What is cat diabetes?
Feline diabetes (sometimes referred to as diabetes mellitus) is a condition in which your feline friend cannot properly produce or respond to the hormone insulin; causing an increase in glucose levels. Glucose is your cat’s primary source of energy, and so an imbalance will mean that your cat’s body has to rely on other sources of energy, such as stored fat, which can be very dangerous. Feline diabetes isn’t very common, with only 0.2 – 1.0% of cats receiving a diagnosis.
What are the symptoms of cat diabetes?
There are a variety of symptoms that you can look out for if you have concerns that your cat has diabetes. Weight loss despite an increase in appetite, an increase in thirst and urination, and in extreme cases cats may develop nerve damage in their back legs.
The risk factors involved:
With most medical conditions there are risk factors. Diabetes in cats is particularly concerning if your cat is:
- Physically inactive
How is diabetes diagnosed in cats?
Your vet will carry out a blood test if they suspect your cat may have diabetes, and will check for elevated levels of glucose in the blood and urine. Your vet will then assess your cat and ask you if you have seen any changes in weight, appetite, water intake and urination, as these signs may indicate that your cat has diabetes. Some vets will give a second test at a later date if they believe your pet was stressed during the first one, as high stress levels can make the results inaccurate.
What is the treatment for feline diabetes?
Once your cat has been diagnosed with diabetes they will most likely be treated with injections of insulin. Often the owner will be taught how to inject the insulin at home and this will become a seamless routine between you and your animal. Another treatment for cat diabetes is managing their diet properly, as restricting their carbohydrate intake can help manage glucose levels in the blood.
Do I need to change my cat’s lifestyle after being diagnosed with diabetes?
Frequently administering insulin at home will likely be the biggest change that you’ll need to get used to. Many owners find it helpful to get organised with a diary or calendar to keep a log of their felines health. Record test results, changes in a weight and behavior. Always ask for advice from your vet is you have any concerns and to make sure you are monitoring your cat’s health properly.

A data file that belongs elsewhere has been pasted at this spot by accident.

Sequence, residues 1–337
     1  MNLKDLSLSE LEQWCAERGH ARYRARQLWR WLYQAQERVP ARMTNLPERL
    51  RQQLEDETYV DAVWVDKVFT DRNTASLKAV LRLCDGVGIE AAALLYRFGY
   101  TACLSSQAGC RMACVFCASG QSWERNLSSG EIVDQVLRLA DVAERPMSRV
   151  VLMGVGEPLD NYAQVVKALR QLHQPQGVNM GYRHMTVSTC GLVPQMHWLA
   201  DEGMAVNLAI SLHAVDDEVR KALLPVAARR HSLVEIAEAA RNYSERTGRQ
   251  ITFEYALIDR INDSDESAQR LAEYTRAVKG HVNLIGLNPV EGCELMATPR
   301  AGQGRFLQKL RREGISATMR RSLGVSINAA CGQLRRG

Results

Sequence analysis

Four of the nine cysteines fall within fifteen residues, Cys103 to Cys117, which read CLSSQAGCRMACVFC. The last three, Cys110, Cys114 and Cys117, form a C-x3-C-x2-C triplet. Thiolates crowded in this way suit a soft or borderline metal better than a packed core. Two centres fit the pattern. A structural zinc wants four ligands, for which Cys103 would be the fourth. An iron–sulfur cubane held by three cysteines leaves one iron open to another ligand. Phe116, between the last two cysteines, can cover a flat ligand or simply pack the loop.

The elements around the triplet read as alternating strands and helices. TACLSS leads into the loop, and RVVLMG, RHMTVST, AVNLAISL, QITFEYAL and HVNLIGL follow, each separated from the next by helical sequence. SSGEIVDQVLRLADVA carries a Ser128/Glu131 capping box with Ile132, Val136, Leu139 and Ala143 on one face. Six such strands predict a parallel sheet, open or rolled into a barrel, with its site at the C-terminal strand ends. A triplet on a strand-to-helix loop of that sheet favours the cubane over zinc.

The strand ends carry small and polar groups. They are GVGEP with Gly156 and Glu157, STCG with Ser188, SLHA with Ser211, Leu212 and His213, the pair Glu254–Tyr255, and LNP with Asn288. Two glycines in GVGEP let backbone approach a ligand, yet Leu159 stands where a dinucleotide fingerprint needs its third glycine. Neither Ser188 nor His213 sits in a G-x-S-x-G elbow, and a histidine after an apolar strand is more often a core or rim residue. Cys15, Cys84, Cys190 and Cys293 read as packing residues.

Another change in daily routine you may come across is diet and exercise. If your pet is underweight this may mean feeding frequently throughout the day, and if your pet is overweight then you’ll have to begin a weight loss plan to improve their health. Foods that are high in fat or human scraps given to your cat won’t help improve their condition, so keep track of what your pet is eating, and they should be able to live with the condition happily.
Can feline diabetes be prevented?
Some cats will get diabetes no matter what preventative measures are taken by the owner. But there are simple steps you can take to reduce your animals’ chances of developing this disease.
Keeping your cat in good health and taking care of them properly insures little risk of developing diabetes. A healthy diet and consistent exercise is a good starting point, alongside regular check-ups with your vet which will ensure that symptoms are spotted early and that treatment can be established before other health concerns become an issue.